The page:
Seek (Contest Winner, chosen by Ocean Vuong)

God, my brother says to me, and I say: No. A Calvary of speech. The spirit
chases you, he says, meaning the Holy one, God’s brother-self. I’m lazy
on the theology. My chrism brother, brother that I am to him, he is
a walking Bible—a book I’ve never wanted. But the church I was compels me
out to see The Passion of the Christ. And all of us, all of us, deep
down pity the man who barefooted the cross across the town in the film—
or, no, the testament? the prayer?—my God, I keep looking for a word to do
its work for me. Which is a way to say: I keep failing. But I’m not afraid to say
I cry at it, the prayer, the man and his body tearing. I’m crying (not for Christ,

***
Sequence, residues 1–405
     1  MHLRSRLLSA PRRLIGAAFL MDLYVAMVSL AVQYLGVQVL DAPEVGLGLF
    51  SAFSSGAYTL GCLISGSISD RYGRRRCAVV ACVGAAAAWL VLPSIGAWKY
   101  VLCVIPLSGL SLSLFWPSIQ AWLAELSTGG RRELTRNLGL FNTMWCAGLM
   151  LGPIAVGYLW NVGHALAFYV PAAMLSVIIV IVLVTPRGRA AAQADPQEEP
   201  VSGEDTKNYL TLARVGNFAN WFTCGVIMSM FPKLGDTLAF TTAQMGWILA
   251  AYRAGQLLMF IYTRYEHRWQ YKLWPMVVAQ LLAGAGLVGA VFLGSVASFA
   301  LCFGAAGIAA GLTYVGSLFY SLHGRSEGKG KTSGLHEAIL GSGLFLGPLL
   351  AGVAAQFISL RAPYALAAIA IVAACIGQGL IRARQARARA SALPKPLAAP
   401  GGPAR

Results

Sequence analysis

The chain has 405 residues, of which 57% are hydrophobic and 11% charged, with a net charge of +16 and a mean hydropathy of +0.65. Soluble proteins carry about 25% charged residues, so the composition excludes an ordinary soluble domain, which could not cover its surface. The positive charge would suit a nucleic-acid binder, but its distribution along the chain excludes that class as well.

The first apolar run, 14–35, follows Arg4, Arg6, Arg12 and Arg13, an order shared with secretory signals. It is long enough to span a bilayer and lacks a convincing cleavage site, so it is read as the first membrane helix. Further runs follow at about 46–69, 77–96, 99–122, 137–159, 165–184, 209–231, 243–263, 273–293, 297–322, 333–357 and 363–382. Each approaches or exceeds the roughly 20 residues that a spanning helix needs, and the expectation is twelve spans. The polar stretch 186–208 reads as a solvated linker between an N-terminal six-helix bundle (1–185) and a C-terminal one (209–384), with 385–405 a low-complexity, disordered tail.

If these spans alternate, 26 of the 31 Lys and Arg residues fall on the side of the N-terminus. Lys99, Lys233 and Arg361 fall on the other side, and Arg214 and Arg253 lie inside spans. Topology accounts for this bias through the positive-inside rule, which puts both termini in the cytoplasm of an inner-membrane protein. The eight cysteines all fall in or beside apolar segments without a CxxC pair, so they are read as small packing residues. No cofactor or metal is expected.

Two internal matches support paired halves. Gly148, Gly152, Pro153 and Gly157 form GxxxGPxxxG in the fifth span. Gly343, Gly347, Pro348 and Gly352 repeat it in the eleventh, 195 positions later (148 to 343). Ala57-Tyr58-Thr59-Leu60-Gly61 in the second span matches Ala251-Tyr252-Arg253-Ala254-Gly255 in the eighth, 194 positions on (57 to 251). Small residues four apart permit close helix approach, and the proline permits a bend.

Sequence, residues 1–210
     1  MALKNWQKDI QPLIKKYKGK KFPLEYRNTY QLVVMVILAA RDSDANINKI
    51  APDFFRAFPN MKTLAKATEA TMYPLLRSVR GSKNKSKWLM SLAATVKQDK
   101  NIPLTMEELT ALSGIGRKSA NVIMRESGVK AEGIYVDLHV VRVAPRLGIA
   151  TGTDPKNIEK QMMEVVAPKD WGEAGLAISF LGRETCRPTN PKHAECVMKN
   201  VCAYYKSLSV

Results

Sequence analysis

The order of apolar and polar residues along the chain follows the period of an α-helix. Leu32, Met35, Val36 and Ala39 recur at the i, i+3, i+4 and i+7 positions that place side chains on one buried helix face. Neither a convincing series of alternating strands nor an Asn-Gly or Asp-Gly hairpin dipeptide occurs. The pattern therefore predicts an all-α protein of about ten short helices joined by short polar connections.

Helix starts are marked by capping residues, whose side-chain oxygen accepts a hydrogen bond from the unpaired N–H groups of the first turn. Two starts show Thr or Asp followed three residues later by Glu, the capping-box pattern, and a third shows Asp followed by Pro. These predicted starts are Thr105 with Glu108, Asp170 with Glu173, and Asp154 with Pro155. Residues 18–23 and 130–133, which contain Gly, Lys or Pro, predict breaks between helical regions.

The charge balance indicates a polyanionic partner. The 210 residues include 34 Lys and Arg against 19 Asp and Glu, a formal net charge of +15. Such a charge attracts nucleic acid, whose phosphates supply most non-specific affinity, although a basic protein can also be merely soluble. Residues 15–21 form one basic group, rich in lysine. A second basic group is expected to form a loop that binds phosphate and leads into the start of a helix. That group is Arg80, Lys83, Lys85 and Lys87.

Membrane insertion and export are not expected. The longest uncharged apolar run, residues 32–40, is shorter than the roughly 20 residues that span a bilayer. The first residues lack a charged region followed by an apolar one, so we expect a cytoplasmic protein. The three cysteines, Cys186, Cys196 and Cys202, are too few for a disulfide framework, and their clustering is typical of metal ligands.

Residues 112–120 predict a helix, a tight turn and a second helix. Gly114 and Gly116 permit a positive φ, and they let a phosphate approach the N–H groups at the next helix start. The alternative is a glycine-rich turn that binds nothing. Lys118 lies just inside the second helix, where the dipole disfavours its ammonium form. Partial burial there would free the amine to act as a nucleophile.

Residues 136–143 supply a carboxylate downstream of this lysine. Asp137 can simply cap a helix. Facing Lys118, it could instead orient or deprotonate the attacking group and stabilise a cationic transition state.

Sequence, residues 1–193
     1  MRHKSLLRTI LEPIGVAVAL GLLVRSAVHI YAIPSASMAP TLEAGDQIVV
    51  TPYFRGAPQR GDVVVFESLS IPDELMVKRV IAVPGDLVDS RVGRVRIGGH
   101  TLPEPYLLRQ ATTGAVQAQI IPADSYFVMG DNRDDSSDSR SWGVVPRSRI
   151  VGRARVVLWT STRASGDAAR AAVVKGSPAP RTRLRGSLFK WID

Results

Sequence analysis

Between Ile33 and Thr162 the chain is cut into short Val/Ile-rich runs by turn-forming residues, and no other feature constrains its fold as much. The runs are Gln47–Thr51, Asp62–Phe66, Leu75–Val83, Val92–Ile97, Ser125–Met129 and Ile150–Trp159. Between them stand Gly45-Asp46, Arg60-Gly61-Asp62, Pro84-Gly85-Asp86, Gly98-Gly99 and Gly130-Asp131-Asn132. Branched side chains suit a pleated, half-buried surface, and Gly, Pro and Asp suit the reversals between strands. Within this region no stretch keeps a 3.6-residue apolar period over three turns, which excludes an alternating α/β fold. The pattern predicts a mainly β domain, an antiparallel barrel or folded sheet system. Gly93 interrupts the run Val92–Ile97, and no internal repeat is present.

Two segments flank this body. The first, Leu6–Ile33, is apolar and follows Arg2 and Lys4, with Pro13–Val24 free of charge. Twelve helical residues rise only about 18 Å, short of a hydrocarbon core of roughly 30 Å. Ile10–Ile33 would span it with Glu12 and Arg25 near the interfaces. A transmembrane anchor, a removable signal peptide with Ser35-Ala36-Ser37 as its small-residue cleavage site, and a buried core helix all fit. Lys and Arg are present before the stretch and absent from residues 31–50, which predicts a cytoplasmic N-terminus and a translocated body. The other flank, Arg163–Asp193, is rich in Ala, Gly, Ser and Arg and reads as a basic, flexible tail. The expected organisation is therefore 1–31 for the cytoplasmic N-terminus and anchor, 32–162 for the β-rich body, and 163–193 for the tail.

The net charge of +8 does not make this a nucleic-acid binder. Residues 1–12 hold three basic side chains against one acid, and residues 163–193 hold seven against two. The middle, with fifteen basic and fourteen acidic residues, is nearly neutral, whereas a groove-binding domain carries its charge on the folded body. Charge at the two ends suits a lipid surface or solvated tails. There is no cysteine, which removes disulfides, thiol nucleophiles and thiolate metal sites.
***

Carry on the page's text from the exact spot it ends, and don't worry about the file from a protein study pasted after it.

his “sacrifice”) for my desire to feel in me the flesh of him, another ghost.
Some communion. So queer, to love my sameness in a body’s fleshy sacrament—
the way I mirrorlike become the chest of a man whose chest is before me,
a tussle of lusty muscle, ass atop this mass of me: divine
communism. We just keep repeating ourselves. Like Christ I can’t stand
to be in my own skin so I shed it, come out looking for a replacement in him
or him or him. We just keep repeating ourselves. But even so this thrust of us
I must be dreaming of is liturgy, too quick for me. I mean: we just keep repeating
our cells. Which is to say: I can’t bear to see myself naked, much less clean
and ghostly-habited. Good lord, we just keep rereaping ourselves. So then,
Brother, I confess: if to hate one gay (myself, myself) is to hate us all,
call me Westboro—or in their twisted figure, fag I am, call me God.

J.M. Gamble is a Ph.D. student in Women's Studies and English at the University of Michigan. His work has appeared in The Rumpus, SOFTBLOW, and The Collapsar, among others.